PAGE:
“People die from drunk drivers, and I think if we have more people to stop that, there will be less people who get hurt,” she said. “I even had my mom sign a contract that she won’t have alcohol in the house.”

Candace has partnered with Mothers Against Drunk Driving and was appointed as state ambassador of Children Against Drunk Driving in 2005.

She gave her phone number to children she met who said they had family members who drank a lot, so they could call her if they found themselves in a car with a drunk driver, she said.

Candace has attended two town hall meetings as a representative of Children Against Drunk Driving with Valencia County Youth Development, Inc.

“We’ve done different things with MADD,” Candace said. “We’ve done (victim) impact panels and things like that, but it’s mostly the interaction with officers here in Valencia County and Bernalillo.”

She has also made it her mission to make sure local law enforcement officers have refreshments and water during the DWI checkpoints, which she calls “Lollipops for Law Enforcement.”

“I think that the officers should be rewarded for all their hard work,” she said.

So, she talks to local restaurants to work out special prices she can afford, and takes meals, coffee or some type of refreshment to the officers. Sometimes, local restaurants donate the food, she said.

She also donated more than 20 sets of school supplies to children in need, with money she raised for her organization, Lollipops for Law Enforcement.

Candace was given a New Mexico Department of Safety award by New Mexico State Police Chief Robert Schilling in June for her contributions to the state DWI program.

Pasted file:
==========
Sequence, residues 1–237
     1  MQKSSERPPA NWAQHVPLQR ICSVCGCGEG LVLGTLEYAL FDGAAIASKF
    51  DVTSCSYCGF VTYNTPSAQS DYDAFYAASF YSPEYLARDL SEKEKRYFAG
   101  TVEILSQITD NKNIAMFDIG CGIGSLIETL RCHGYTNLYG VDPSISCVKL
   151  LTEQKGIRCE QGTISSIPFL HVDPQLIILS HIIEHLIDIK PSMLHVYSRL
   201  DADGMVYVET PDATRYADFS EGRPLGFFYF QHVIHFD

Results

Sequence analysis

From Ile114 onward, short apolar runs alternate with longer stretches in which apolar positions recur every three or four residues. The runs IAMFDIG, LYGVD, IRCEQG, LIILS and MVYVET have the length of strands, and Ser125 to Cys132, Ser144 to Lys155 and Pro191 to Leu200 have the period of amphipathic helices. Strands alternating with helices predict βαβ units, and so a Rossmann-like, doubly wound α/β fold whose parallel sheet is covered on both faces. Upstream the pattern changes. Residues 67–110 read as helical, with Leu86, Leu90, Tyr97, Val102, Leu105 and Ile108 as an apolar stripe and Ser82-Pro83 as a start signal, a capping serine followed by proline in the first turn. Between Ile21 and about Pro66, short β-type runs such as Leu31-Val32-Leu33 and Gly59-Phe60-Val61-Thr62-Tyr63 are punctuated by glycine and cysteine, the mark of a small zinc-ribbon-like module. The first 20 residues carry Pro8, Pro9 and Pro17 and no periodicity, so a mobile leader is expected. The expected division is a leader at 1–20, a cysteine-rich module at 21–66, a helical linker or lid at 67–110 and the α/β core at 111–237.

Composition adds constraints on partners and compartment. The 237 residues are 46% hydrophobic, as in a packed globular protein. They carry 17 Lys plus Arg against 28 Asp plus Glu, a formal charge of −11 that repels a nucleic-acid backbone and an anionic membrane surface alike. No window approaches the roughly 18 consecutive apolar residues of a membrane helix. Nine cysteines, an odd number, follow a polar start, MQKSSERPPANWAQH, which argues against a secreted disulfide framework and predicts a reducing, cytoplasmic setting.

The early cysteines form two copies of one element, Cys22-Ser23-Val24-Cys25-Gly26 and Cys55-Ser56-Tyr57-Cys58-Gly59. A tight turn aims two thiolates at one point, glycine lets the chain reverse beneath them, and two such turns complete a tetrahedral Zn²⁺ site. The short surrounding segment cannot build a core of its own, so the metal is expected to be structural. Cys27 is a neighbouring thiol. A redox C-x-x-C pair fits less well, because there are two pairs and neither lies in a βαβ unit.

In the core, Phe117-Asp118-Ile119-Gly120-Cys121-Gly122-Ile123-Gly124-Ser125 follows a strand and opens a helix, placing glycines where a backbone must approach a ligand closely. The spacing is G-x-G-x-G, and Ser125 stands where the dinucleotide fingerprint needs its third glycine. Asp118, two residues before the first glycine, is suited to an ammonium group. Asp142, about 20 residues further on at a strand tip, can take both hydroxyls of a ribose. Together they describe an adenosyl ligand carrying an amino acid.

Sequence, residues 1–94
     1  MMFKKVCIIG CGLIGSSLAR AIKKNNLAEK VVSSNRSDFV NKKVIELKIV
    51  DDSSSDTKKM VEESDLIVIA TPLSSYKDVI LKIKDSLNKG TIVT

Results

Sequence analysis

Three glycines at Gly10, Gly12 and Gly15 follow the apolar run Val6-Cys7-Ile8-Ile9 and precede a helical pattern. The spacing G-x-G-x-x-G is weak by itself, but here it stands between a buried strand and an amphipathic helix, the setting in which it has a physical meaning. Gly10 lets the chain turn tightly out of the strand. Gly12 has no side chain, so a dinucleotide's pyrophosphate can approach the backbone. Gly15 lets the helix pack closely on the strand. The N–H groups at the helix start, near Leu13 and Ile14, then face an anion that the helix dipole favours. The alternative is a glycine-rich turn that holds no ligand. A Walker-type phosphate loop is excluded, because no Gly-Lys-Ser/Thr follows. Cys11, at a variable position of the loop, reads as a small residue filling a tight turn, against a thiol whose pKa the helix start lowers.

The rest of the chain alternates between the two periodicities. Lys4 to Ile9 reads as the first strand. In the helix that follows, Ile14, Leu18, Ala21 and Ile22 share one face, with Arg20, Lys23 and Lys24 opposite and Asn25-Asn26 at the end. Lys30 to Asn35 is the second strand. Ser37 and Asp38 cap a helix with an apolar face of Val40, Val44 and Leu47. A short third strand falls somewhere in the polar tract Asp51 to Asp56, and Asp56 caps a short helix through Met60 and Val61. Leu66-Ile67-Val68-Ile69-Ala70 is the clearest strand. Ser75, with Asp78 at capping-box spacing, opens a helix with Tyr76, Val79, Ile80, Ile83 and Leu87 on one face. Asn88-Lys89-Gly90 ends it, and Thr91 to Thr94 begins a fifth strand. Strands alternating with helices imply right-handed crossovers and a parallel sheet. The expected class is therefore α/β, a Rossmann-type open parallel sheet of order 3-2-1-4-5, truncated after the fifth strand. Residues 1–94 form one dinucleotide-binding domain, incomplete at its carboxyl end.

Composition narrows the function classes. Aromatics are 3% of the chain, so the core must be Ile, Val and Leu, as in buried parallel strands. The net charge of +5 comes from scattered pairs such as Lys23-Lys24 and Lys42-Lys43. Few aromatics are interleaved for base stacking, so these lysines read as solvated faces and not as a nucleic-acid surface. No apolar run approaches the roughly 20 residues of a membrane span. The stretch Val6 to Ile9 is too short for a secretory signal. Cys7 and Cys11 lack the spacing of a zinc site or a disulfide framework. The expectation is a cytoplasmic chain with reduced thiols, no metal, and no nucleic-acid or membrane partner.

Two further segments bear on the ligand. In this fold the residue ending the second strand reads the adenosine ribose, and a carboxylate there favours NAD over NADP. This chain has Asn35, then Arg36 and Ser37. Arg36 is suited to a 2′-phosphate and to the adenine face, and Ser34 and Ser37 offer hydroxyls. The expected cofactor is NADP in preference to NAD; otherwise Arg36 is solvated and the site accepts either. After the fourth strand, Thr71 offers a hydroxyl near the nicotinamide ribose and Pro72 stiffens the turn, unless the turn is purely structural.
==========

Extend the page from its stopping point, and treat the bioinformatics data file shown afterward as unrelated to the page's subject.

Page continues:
She was named an honorary state police officer by Shilling. Candace is the youngest recipient to ever receive this award. She was given her own badge and a certificate of the award.

And just like her determination to help, Candace has a clear vision of her future.

She wants to go to Harvard and go into family law. She got a jump start on that law education by working for local attorney Elias Barela this past summer.

Barela said the very first thing he noticed about Candace was that she saw the big picture.

“She’s like no 13 year old I’ve ever met. She’s genuinely interested in being out there and being involved with the community. This kind of activism from a child is really rare,” Barela said. “What really impresses me is how much of her free time she is willing to give up to help other people.”

Candace spent her time filing and running various errands for Barela. During her time working in his office, the attorney said he found her to be very inquisitive about the law.

“She was very interested in learning about what the laws are about,” he said. “Everything she does, she does because she cares. She is an activist who is interested in helping people who are struggling and she’s got a big heart.

“She is really a rare individual in intellect, work ethic. The things that give her pleasure are oriented towards helping others.”

Kimberly says there is always something her daughter is working on and involved in that benefits someone else.

“Every month, there’s something,” she said. “It’s pretty much on going with everybody.”

Her most recent project is “Jeans for Teens,” sponsored by clothing manufacturer Aeropostale. The company is sponsoring a contest across the nation to see which school can donate the most pairs of jeans. In turn, Aeropostale gives the pants to homeless teens.

Candace decided to get involved with the program when she heard of a student at Los Lunas Middle School who’s family was living in a tent.

“I just thought, ‘I have to do something. That’s awful,’” she said.

The school that collects the most jeans gets a pair of jeans for each student and $5,000 for the school.

“I really like to help other people,” Candace said. “I like to see people smile, that’s what makes me feel good inside.”


-- Email the author at jdendinger@news-bulletin.com.